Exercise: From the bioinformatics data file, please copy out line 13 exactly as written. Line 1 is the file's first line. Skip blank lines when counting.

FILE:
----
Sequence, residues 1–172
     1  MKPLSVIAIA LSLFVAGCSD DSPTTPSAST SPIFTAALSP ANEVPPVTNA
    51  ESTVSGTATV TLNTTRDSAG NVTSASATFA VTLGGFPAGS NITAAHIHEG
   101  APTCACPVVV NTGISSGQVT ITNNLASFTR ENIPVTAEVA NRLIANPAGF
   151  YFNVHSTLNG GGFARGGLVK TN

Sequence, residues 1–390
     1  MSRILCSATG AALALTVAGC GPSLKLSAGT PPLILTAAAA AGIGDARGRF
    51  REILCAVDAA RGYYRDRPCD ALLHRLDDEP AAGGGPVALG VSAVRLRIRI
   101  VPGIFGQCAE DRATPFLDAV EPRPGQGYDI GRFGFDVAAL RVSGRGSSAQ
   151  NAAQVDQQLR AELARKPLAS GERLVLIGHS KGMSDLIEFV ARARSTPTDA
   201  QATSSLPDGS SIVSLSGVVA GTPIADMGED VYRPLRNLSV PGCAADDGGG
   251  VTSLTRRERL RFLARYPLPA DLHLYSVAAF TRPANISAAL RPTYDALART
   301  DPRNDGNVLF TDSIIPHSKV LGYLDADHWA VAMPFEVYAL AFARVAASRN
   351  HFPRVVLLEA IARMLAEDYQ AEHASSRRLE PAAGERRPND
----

   301  DPRNDGNVLF TDSIIPHSKV LGYLDADHWA VAMPFEVYAL AFARVAASRN